Found Mounds III…

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‘…One of the stops we did manage to make on the way to our second ‘official sojourn’ in Glastonbury was, Merlin’s Mound.

Now, Merlin’s Mound you might have thought would be a well-known tourist attraction boasting hundreds of thousands of visitors a year just like its Big-Sister Mound of Sil-Bury Hill, so called because late legend has a king called Sil buried there along with his treasure, a golden horse.

Not so.

Quite why this is not the case it is difficult to fathom although one possible reason is that Merlin’s Mound is hidden within the grounds of Marlborough College which is a private school.

Of course, there is nothing actually buried in Silbury Hill because it isn’t a burial mound at all and the Golden Horse is far more likely to refer to the sun which, knowing the folk responsible for its construction, probably set behind the hill from one of the other sites in the area, or seemingly rose from it, and I did not learn that at any school, private or otherwise…

“Which would make it Sol-Bury Hill, anyway,” says Wen.

…Now, I was lucky enough to come across Merlin’s Mound because I attended a conference in the grounds of the college and I have to say I was astonished to learn of its existence but not half as astonished as I was to learn of its size.

In fact for a long time I was fairly sure that although Silbury Hill was regarded as Merlin’s Bigger Sister, size wise, there was not an awful lot in it.

“Silbury Hill is much bigger,” says Wen.

“I’m not so sure.”

“Much bigger, Merlin’s Mound only looks comparable because it dwarfs the buildings that currently hide it so effectively.”

“I don’t think there’s much in it.”

“What does Silbury Hill have to give it scale?”

“No, there’s not a lot else in the vicinity is there.”

“This is one reason why accurate measurement is so important.”

But anyway, and more importantly than accurate measurement of any kind, work is currently ongoing in the renovation of Merlin’s Mound and we are able to walk two-thirds the way around its newly refurbished spiral path-way and I have to say although it was something of a disappointment not to be able to get all the way to top in other ways it was not such a bad thing after all for just getting two thirds the way up was giving me a rather ‘heady’ feeling.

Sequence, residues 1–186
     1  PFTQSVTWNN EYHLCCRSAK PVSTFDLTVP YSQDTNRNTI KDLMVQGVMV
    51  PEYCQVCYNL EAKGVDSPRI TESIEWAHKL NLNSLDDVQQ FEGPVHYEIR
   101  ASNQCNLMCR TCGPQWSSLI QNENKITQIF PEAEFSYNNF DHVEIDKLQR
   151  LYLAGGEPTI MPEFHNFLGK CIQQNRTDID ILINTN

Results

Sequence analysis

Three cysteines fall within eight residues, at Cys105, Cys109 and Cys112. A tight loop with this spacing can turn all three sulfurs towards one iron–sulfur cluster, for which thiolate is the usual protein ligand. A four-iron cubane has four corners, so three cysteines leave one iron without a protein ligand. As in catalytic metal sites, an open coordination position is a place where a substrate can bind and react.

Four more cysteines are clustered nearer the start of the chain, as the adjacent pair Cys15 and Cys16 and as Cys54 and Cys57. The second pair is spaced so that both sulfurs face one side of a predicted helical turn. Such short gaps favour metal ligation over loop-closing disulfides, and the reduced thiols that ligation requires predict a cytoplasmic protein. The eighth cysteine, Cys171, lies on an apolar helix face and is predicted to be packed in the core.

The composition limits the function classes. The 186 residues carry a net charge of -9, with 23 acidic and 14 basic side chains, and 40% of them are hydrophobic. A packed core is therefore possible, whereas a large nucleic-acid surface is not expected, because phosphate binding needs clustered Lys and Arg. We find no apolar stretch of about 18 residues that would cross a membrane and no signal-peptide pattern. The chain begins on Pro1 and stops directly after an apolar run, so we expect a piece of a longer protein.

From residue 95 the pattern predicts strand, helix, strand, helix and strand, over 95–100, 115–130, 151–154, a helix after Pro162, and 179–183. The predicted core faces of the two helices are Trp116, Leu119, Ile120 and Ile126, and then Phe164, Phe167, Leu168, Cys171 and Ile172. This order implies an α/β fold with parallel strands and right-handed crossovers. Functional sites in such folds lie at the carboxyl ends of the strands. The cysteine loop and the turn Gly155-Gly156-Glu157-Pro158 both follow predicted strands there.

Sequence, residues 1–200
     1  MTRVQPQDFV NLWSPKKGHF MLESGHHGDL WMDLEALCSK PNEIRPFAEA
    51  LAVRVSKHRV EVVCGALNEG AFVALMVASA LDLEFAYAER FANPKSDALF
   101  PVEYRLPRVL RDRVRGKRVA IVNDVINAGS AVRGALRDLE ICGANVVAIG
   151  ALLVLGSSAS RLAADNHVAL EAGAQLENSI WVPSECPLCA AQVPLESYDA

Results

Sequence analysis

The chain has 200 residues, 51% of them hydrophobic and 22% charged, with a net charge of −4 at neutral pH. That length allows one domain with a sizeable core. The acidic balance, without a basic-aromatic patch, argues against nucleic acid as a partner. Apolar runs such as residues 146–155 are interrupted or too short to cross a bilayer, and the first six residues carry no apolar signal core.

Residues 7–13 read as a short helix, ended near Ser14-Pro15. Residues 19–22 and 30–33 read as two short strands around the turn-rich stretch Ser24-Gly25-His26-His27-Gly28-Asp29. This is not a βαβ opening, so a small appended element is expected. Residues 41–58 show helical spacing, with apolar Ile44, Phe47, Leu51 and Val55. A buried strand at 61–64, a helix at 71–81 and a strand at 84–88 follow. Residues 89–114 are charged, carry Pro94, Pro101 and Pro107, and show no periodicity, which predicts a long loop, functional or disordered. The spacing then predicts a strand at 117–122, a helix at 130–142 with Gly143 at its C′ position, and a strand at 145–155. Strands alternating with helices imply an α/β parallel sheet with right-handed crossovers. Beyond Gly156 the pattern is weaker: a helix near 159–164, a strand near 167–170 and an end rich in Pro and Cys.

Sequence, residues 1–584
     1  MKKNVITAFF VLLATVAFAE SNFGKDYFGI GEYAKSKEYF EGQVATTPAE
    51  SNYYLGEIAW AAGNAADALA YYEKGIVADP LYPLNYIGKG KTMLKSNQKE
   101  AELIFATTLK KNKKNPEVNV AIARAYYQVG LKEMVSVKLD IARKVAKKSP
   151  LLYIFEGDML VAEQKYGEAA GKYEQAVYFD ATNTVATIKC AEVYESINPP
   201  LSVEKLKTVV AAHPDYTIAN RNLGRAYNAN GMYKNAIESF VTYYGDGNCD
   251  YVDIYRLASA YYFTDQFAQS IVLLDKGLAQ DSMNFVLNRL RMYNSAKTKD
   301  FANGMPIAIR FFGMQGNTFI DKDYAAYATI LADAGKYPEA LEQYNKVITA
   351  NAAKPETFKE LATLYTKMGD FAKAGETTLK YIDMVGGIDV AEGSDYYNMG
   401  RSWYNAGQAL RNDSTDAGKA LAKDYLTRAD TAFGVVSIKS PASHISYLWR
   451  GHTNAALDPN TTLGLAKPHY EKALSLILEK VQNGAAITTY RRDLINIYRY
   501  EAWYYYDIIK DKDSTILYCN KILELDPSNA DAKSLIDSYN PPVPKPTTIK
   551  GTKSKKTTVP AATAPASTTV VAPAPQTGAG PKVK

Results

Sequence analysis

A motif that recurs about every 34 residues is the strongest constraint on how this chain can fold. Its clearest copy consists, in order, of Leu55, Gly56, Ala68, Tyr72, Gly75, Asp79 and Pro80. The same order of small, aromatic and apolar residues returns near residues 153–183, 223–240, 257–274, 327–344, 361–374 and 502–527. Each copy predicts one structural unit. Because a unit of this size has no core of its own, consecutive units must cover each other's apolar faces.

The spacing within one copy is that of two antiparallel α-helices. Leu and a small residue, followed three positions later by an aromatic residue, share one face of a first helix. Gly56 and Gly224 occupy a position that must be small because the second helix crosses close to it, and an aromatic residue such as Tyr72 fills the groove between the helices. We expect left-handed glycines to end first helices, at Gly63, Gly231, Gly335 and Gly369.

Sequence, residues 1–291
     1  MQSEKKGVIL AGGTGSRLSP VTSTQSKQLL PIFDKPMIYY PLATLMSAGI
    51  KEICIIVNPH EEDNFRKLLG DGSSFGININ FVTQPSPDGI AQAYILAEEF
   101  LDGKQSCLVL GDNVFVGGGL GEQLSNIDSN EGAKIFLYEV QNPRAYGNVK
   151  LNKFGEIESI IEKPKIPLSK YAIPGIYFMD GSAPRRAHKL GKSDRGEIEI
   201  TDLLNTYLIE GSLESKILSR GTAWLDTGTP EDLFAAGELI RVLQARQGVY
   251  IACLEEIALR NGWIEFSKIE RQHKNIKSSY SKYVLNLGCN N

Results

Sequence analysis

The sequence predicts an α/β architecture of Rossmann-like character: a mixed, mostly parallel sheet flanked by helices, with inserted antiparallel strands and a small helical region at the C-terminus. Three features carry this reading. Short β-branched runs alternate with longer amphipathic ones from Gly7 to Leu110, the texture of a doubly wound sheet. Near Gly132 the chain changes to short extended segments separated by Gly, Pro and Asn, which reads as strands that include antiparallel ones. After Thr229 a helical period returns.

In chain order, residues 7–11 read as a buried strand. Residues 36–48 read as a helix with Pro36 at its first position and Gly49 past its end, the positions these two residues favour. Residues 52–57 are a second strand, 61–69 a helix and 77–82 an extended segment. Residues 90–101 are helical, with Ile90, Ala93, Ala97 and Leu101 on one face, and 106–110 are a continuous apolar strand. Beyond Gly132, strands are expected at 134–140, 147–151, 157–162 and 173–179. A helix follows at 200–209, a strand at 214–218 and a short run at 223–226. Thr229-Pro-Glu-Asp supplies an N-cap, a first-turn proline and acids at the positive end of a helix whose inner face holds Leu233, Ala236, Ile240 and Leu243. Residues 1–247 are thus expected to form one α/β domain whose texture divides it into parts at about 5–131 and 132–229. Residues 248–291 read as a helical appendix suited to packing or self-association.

“I know,” says Wen. “Me too. What’s the line in, ‘A House on the River’ when Aeth’s troop, in all their glory, is approaching the strong-hold of Aillil Silver-Tongue and Sweet-Mouthed Maeve?”

“My head may as well be in a vat full of wine…”

“My head may as well be a vat full of wine,” laughs Wen, and I laugh too.

“It’s better than wine.” …’

Extract from, ‘Doomsday: the Aetheling Thing,‘ by Stuart France & Sue Vincent.

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7 thoughts on “Found Mounds III…

    1. ‘The structure was planned as a three-dimensional ‘spider’s web’, with walls of ‘un-cemented’ chalk blocks representing the radial and concentric elements, while the interstices were packed with small-grade chalk rubble. In elevation this web was a tiered structure of six well defined steps’ – ‘The Silbury Treasure’, Michael Dames.

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      1. Thanks, it led me to start exploring. I read the wikipedia entry on Silbury Hill, kinda funny how various authorities have poked and prodded the mound over the centuries – understandable really. Fascinating that it was constructed c.2400–2300 BC and took 18 million man-hours, equivalent to 500 men working for 15 years. Not possible for a Neolithic tribal structure, more like a theocratic power elite with broad-ranging control across southern Britain. What kind of power structure could that have been?

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        1. Possibly not just southern Britain but the North, ‘Scotland’, ‘Wales’, ‘Ireland’ and ‘Cornwall’ and ‘Brittany’ too… Our sense of ‘power’ is probably not an adequate term for that kind of structure…

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          1. I see, well I think I’m just waking up to what this means, excuse my naivety. Really… I assumed that Neolithic tribal structure was capable of building it, I see now it’s not the case. So you mean all the mounds and circles in Britain were built in this (mysterious) way?

            Liked by 1 person

            1. All the mounds and circles in the British Isles display a commonality of design and (presumed) function or purpose. They all also conform to a standard measure, ‘The Megalithic Yard’, which was re-discovered by Oxford Engineer Alexander Thom, in the late sixties, and verified by subsequent researchers including, most recently, Robin Heath.

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